AAO-HNS Convention Goes to San Diego
The American Academy of Otolaryngology-Head and Neck Surgery (AAO-HNS/F) will hold its annual conference, the OTO Expo, at the San Diego Convention Center on September 22-25 to discuss the latest advancements in the diagnosis and treatment of disorders involving the ears, nose, throat, and related head and neck structures. Additionally, more than 300 companies will present their latest medical devices, pharmaceuticals, and technology for the treatment of otolaryngological conditions at the OTO Expo.

Of particular interest are two 4-hour hands-on preconvention workshops on Saturday, September 21. “Audiometrics for the Practitioner: What the Otolaryngologist Needs to Know” provides information on the indications and interpretations of different types of audiologic testing and equipment, while the “Hearing Aids for the Otolaryngologist” workshop provides information on the various aspects of hearing aid selection and fitting, new digital technologies, and the business aspects of dispensing. The latter session is sold out.

The convention kicks off with its opening ceremonies on Sunday, September 22, and features the John Conley Lecture on Medical Ethics, given this year by the Reverend Professor Peter J. Gomes. His lecture is titled, “Modern Medicine and the Good Life: Wholeness, Holiness, and Health.” The OTO Expo grand opening follows shortly after this lecture.

Numerous workshops, scientific sessions, seminars, and research presentations will be offered, and this year’s Neel Distinguished Research Lecture will be given by Nobel Laureat Eric R. Kandel, MD, on the subject of “Genes, Synapses, and Long Term Memory.”

For more information on the AAO-HNS Annual Convention, contact the Academy at (703) 836-4444, or visit its Web site at www.entlink.net.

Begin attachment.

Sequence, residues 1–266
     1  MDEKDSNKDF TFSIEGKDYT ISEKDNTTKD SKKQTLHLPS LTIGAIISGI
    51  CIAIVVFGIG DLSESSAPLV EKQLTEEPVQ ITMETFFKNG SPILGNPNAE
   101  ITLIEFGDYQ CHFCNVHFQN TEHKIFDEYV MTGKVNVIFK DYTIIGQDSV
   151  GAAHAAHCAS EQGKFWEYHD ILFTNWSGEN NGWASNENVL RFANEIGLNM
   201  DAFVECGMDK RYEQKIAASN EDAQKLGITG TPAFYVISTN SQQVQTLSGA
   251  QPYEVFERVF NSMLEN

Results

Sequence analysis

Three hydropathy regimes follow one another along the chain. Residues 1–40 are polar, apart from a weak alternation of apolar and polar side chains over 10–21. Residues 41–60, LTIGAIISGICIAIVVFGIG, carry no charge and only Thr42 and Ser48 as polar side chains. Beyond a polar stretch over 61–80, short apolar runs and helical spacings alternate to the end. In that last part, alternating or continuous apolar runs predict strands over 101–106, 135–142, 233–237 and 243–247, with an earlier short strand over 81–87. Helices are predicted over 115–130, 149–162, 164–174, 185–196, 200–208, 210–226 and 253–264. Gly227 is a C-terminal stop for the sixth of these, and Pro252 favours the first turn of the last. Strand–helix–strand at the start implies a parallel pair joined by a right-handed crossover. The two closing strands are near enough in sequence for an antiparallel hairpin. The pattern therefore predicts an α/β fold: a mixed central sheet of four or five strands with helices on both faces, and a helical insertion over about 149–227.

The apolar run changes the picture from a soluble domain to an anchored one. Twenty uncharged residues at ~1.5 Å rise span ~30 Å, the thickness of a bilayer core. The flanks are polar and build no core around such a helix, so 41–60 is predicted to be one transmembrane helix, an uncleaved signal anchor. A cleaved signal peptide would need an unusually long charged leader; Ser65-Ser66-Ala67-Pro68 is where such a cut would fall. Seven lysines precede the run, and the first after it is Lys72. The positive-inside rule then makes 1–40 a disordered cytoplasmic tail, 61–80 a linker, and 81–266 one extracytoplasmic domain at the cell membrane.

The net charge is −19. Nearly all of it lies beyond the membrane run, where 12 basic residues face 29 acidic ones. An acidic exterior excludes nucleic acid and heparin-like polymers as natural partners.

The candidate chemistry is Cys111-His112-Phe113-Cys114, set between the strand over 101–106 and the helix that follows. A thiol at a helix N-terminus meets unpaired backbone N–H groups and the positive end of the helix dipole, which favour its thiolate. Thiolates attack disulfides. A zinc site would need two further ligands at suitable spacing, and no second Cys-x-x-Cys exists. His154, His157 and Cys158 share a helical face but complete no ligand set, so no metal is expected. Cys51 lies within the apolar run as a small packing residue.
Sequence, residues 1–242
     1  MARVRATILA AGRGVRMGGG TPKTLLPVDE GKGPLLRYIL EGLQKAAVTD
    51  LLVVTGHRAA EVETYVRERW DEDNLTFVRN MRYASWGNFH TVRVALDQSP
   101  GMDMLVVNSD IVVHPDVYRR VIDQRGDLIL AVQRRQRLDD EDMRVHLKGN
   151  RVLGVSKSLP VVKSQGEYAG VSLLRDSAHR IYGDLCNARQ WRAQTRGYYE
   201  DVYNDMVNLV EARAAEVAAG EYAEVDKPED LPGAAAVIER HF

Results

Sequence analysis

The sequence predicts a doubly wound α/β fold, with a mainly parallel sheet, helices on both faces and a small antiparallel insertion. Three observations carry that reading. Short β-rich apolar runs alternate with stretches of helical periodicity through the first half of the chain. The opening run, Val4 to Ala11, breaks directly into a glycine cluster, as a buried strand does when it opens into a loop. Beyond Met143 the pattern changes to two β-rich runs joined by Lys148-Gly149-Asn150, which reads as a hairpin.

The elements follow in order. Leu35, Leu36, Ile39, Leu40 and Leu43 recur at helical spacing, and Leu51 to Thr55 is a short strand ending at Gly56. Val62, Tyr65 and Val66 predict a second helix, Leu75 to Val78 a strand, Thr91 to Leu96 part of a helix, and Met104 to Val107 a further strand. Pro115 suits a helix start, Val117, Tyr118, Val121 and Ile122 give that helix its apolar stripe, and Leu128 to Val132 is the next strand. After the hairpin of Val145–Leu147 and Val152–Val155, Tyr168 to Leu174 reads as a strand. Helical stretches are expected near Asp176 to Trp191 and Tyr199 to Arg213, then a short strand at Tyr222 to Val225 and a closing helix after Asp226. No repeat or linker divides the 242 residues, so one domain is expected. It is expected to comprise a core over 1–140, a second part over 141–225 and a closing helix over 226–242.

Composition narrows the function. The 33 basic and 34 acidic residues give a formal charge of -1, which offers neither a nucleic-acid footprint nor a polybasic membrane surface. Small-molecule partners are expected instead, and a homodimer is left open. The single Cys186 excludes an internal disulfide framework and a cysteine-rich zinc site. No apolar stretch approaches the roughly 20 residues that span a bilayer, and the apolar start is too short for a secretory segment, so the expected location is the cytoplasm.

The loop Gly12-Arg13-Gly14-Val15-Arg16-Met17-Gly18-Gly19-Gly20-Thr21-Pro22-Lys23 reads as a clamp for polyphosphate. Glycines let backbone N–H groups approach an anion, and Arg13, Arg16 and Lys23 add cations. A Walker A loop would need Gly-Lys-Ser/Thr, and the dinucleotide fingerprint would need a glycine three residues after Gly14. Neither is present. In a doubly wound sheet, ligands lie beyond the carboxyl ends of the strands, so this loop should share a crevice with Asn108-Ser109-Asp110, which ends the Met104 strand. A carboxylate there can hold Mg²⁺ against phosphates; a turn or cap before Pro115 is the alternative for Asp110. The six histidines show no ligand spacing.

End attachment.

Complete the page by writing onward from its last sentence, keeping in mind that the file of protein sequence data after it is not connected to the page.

ADA Fall Convention Sets Sights on Palm Springs

The Academy of Dispensing Audiologists (ADA) Fall Convention will be held at the Riviera Resort in Palm Springs, Calif, on October 9-12. Three “Day-Ahead” seminars are featured on Wednesday, October 9, with the convention’s opening reception taking place that evening in the exhibit hall.

ADA President Robert Manning will host the Academy’s opening ceremonies on Thursday morning. The convention’s keynote address will be given by Frank Bucaro, a business owner, author, and speaker, who will talk about ethical issues in business. A follow-up professional panel will focus on the same topic, while addressing more specific audiological issues. It will include a number of organizational leaders in the hearing care field. This year’s convention features 40 general forum sessions, with topics ranging from OAEs to reimbursement codes. A number of special seminars and workshops will also be held, and more than a dozen manufacturer’s forums will be offered.

For more information on the ADA Fall Convention, contact the organization at (800) 445-8629, or visit the ADA Web site at www.audiologist.org.

Letter to the Editor

Testing the Individual Patient
Editor’s note: The following is in response to a letter that appeared in HR [see June 2002, page 55] written by audiologist Harry Rossman, MS, who questioned the presumption that prescriptive targets and/or audiological measures can actually describe an individual’s hearing loss. A version of the letter also appeared in Audiology Today: